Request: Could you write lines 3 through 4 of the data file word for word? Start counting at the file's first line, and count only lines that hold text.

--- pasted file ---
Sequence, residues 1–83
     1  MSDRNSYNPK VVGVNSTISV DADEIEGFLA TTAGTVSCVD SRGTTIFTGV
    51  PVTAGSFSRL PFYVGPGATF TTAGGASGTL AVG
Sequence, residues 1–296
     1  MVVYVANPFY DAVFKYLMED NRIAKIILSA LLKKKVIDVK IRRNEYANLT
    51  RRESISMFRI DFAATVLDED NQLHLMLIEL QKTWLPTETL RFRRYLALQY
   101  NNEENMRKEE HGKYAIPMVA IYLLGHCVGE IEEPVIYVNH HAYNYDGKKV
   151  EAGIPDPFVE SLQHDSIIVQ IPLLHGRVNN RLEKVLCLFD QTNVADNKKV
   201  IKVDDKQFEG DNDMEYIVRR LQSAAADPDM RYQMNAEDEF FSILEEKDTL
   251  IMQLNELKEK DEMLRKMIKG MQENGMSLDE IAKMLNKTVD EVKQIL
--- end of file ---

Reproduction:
    51  PVTAGSFSRL PFYVGPGATF TTAGGASGTL AVG
Sequence, residues 1–296